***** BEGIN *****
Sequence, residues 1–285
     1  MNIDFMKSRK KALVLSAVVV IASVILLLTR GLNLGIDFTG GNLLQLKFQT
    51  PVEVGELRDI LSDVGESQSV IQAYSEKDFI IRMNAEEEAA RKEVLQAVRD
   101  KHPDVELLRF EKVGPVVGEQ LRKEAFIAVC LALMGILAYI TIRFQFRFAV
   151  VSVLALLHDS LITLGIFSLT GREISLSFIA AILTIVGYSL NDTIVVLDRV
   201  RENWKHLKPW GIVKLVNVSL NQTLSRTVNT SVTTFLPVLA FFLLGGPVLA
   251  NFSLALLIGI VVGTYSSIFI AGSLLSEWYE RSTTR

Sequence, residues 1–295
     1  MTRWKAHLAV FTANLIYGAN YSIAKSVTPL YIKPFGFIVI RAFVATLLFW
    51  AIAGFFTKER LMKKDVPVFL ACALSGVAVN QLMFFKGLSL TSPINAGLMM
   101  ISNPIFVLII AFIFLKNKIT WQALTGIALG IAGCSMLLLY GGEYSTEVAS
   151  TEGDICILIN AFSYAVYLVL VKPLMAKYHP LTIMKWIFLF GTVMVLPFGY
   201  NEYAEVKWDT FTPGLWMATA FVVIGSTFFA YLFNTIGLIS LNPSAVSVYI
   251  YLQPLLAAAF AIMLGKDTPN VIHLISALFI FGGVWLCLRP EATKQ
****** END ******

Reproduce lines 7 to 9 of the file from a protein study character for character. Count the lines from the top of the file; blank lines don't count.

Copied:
   251  NFSLALLIGI VVGTYSSIFI AGSLLSEWYE RSTTR

Sequence, residues 1–295
     1  MTRWKAHLAV FTANLIYGAN YSIAKSVTPL YIKPFGFIVI RAFVATLLFW